After “After the New Economy”

by Henry on February 2, 2004

A little belatedly, some thoughts on After the New Economy. Other Timberites are still in the throes of writing their posts, so we’ll do a linkage post pulling the various responses together (as well as the responses of non-CT people such as Brad DeLong), when we’ve all reported. First take – this is a very good book indeed. It provides a trenchant response, not only to the New Economy hype, but also to the political project that it implies. Most importantly (and unusually, for a book about the US economy) it’s solidly based in a comparative framework, examining not only the relationship between the US and the world economy, but also showing that the experience from other countries (European social democracies) suggests that large welfare states aren’t necessarily a drag on growth. Brad DeLong notes somewhere or another on his blog that the economic success of the statist Scandinavians is a real puzzle for economic theory; this is something that should give pause to gung-ho US advocates of unfettered free markets, but rarely does. It’s nice to see the lesson being drawn out in a book that isn’t aimed at an academic audience. Furthermore, as Kieran has already noted, After the New Economy avoids falling into the trap of bucolic communitarianism; Henwood makes a guarded – but thoughtfully argued – case for the potential benefits of globalization for societies in both the West and the developing world. He’s right on all fronts, I think – but there’s still something missing in the book, which reflects a wider absence in the political debate. Not only is there not much in the way of a pro-globalization left; what there is doesn’t have much in the way of a positive alternative vision to offer. This means that Henwood is able to make a strong case for the prosecution, but doesn’t have very many positive arguments to defend his own vision of globalization.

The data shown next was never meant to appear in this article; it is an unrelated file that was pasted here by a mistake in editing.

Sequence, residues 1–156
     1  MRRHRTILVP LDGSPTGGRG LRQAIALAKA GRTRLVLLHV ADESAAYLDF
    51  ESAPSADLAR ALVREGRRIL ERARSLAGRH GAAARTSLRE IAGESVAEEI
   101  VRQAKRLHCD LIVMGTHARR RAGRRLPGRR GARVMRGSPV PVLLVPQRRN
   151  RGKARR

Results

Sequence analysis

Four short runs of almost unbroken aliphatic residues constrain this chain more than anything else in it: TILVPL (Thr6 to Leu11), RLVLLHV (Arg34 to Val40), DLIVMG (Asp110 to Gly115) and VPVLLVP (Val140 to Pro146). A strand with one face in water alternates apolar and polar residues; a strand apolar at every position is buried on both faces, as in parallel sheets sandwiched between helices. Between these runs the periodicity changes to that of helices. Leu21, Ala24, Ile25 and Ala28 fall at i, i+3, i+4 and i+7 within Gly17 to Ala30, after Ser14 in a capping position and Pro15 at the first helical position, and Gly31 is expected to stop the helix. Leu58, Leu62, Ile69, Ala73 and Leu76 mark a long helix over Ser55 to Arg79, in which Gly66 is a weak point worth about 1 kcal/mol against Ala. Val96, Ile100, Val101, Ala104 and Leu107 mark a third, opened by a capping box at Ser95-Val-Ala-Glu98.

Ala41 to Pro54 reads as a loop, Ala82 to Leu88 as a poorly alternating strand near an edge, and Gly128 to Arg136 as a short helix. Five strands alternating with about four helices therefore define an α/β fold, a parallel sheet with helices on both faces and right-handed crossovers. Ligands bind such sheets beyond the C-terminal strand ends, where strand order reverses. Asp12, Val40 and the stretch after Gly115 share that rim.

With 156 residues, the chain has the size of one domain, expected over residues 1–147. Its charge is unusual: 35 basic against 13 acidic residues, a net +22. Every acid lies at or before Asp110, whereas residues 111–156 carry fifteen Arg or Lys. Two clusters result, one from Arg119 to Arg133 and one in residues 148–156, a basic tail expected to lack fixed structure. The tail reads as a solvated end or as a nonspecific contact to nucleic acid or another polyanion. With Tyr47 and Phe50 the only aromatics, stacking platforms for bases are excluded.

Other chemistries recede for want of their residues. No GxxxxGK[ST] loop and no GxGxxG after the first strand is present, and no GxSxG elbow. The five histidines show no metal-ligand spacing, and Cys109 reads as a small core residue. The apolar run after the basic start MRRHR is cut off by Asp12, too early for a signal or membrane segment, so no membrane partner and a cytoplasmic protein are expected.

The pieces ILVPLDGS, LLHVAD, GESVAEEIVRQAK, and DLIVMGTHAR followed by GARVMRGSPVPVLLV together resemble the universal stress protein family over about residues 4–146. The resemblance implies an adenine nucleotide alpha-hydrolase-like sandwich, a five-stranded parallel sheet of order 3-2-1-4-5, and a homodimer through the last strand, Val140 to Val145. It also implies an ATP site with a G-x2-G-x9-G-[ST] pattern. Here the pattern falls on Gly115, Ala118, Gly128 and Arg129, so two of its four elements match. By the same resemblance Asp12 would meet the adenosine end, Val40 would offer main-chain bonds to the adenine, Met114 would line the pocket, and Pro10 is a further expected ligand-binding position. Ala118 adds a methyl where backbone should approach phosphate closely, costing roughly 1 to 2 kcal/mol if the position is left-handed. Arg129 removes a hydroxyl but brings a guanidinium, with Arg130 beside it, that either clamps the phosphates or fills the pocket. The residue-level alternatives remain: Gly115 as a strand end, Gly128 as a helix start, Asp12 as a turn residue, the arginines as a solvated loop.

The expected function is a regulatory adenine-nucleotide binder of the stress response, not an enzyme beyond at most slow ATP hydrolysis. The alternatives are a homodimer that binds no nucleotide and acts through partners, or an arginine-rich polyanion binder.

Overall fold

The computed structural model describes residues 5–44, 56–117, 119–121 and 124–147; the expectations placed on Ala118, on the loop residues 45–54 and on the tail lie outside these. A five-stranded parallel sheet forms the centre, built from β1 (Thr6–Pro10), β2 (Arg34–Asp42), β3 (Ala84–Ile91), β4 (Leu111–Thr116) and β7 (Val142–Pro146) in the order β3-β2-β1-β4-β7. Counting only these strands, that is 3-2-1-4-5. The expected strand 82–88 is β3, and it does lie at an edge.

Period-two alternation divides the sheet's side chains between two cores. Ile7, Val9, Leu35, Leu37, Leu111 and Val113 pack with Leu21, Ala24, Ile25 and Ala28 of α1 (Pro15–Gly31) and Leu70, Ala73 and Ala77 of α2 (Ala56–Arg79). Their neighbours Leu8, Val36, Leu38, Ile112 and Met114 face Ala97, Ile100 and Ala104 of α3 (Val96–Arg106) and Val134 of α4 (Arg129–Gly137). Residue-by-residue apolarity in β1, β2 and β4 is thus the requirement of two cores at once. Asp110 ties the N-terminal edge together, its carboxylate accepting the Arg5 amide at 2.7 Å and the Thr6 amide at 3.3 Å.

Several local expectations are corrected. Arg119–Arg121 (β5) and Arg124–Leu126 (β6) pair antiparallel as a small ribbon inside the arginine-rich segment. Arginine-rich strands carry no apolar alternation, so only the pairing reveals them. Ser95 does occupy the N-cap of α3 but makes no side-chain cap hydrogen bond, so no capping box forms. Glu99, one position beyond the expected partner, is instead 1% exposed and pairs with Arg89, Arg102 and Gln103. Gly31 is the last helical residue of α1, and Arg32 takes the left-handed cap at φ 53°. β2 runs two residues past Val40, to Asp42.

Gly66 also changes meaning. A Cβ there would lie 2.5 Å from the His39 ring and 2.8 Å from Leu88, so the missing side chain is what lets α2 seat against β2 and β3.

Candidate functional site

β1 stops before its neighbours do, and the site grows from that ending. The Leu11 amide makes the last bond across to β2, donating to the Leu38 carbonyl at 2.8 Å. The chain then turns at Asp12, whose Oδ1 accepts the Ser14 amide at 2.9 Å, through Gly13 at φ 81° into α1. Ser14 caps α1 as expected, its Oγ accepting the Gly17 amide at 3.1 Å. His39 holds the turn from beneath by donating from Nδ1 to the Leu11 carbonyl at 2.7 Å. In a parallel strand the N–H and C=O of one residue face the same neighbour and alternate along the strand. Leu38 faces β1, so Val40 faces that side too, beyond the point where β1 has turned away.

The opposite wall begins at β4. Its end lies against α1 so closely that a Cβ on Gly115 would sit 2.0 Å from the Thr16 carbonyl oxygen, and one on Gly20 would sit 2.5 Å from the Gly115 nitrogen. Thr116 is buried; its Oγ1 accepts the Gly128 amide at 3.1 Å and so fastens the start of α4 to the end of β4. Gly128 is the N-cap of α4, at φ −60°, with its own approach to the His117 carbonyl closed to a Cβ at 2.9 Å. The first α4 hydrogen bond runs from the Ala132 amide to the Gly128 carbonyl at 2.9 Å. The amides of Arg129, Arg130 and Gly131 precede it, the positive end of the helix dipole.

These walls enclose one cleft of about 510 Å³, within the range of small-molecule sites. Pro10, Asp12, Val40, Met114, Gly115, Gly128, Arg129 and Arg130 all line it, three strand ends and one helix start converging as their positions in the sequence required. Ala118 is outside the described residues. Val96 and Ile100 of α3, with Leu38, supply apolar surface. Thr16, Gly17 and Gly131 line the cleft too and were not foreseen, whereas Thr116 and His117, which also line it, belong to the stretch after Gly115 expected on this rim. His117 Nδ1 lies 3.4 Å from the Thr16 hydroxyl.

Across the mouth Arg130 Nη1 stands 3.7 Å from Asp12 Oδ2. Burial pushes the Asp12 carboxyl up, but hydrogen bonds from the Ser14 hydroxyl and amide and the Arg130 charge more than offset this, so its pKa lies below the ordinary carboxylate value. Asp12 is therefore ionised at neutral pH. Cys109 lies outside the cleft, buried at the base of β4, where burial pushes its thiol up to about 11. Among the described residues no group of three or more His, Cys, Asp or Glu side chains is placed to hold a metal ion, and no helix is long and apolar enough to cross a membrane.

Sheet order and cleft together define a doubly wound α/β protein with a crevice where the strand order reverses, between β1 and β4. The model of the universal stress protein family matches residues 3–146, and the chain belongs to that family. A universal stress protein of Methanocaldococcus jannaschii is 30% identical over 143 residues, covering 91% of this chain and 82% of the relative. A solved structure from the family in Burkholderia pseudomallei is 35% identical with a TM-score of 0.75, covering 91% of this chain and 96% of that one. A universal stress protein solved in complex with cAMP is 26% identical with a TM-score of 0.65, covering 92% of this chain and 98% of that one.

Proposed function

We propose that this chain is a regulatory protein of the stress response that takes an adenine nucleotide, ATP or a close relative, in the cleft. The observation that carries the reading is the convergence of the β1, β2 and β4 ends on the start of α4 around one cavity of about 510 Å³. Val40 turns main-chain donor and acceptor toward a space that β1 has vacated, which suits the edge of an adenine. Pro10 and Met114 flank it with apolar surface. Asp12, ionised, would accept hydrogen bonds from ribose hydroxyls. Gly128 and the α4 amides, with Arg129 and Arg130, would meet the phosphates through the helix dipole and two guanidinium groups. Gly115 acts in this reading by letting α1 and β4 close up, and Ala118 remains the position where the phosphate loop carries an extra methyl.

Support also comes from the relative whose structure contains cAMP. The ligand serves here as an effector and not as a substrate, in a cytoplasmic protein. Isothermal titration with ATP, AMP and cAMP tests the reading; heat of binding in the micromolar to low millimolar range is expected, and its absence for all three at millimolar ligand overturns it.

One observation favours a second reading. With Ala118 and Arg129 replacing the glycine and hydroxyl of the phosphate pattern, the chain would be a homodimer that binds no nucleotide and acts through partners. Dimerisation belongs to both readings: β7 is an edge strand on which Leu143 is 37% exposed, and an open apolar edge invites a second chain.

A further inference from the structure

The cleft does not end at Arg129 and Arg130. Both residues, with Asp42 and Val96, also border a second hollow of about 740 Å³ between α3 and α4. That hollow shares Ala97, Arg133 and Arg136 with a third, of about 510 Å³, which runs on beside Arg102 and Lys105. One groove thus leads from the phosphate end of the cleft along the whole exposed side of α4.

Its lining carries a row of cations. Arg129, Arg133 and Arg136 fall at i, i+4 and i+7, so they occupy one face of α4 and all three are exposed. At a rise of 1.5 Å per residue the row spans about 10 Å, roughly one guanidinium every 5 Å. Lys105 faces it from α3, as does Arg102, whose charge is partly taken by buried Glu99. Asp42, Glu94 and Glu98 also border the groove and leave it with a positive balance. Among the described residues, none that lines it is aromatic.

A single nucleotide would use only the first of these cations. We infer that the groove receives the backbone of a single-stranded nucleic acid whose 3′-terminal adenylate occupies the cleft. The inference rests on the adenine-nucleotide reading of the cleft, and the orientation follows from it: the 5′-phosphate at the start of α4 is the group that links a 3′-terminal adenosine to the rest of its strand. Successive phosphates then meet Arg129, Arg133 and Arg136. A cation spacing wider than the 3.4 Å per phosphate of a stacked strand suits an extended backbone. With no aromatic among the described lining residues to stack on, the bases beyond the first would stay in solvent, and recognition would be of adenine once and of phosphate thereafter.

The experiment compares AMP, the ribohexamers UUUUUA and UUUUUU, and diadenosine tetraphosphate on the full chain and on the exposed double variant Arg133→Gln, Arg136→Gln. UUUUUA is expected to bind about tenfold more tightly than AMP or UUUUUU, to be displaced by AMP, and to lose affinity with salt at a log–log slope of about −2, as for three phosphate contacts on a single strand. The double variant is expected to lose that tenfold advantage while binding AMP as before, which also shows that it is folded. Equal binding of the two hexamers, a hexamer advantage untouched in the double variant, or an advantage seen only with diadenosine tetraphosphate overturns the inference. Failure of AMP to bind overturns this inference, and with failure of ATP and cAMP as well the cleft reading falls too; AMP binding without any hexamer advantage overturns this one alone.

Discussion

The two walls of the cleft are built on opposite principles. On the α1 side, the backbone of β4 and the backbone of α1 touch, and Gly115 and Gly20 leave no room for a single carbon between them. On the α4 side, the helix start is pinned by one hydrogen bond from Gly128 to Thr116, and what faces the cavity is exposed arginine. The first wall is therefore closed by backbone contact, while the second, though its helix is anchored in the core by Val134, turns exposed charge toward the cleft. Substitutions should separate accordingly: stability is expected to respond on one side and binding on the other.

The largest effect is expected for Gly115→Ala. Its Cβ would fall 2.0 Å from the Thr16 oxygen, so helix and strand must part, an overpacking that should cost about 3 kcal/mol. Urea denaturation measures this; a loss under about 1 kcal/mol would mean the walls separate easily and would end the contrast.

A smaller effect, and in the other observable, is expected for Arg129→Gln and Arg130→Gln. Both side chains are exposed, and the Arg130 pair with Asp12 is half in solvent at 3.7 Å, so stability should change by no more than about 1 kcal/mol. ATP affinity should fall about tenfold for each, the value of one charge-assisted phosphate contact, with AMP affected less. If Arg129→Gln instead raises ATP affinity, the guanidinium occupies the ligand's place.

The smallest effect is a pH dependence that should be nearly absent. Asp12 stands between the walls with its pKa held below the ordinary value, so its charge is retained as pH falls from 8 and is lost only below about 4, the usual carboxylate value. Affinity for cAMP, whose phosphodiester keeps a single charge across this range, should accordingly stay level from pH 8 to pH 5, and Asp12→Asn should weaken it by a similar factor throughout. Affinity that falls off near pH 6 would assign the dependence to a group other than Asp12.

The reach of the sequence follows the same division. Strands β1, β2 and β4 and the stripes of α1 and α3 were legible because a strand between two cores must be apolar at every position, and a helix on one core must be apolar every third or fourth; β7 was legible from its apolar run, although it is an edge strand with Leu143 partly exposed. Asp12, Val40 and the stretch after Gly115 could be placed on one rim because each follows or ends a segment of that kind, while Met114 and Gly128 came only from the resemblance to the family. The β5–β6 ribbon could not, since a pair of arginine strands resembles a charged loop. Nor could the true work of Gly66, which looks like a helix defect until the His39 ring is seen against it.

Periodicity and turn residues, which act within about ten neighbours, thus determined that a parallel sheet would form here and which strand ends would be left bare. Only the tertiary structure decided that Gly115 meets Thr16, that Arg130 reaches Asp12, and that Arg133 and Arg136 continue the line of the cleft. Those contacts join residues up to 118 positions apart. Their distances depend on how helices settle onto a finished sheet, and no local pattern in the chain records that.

This is important, because “After the New Economy” isn’t merely an effort to debunk. Henwood believes that many of the stated aspirations of New Economy evangelists are worthwhile, but rightly resents how they’ve stolen the imagery of social revolution, without any intention to deliver on the concrete reforms that would make such a revolution possible. Still, it’s evident that the myths of democratization of ownership, of non-hierarchical workplaces and the like have real appeal – which suggests to Henwood that there is a real appetite for social change that the left can build upon. But it’s not clear to Henwood (or indeed to me) how best the left can do this, precisely because there isn’t a clearly articulated alternative political program that builds on the good bits of the globalized economy and information technology revolution, while avoiding some of the pitfalls.

Perhaps the best illustration of this is Michael Hardt’s and Toni Negri’s book, Empire. Henwood acknowledges that the book has flaws, but sees it as a good starting point for left-wingers who want to take globalization seriously. However, the weaknesses of Hardt and Negri’s vision not only weaken, but perhaps even cripple their argument. Empire proposes that there’s a confrontation between the Empire (roughly speaking, the forces of global capitalism) and the Multitude of workers, who are empowered as well as disempowered by globalization. It’s a nice story – but like the political program of the autonomous Marxist movement that Negri founded in the 1970’s,1 it’s remarkably scant on detail. As Henwood more or less acknowledges, it’s a celebration of agency that shows no particular interest in the actual social agents that are involved in globalization. Nor does it have any concrete political proposals to offer beyond a couple of pie-in-the-sky aspirations towards global citizenship.

The same is true of what Henwood describes as the “utterly wonderful” growth in activism over the last few years, which has been associated with the fight against the MAI, Seattle etc. Henwood is right in pointing to these activists, and the international social movement that they’re creating, as evidence that globalization and communications technologies can cut both ways, facilitating not only the advocates but the opponents of neo-liberalism. Skeptics for their part can point to the pronounced lack of a coherent set of ideas uniting these activists; their principal (and perhaps only) point of agreement is what they’re against. “Teamsters and Turtles: Together at Last” will only go so far without a concrete vision of why it is that Teamsters and turtle-lovers should be cooperating in the long run, and what sort of global society it is that they should prefer over the neo-liberal alternative.